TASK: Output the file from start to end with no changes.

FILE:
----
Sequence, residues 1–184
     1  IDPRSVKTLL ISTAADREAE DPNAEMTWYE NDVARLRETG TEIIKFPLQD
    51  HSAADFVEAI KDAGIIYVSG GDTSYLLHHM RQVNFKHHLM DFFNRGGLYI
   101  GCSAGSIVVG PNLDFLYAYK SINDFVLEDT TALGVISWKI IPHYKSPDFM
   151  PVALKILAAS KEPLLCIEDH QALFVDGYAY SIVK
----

Sequence, residues 1–184
     1  IDPRSVKTLL ISTAADREAE DPNAEMTWYE NDVARLRETG TEIIKFPLQD
    51  HSAADFVEAI KDAGIIYVSG GDTSYLLHHM RQVNFKHHLM DFFNRGGLYI
   101  GCSAGSIVVG PNLDFLYAYK SINDFVLEDT TALGVISWKI IPHYKSPDFM
   151  PVALKILAAS KEPLLCIEDH QALFVDGYAY SIVK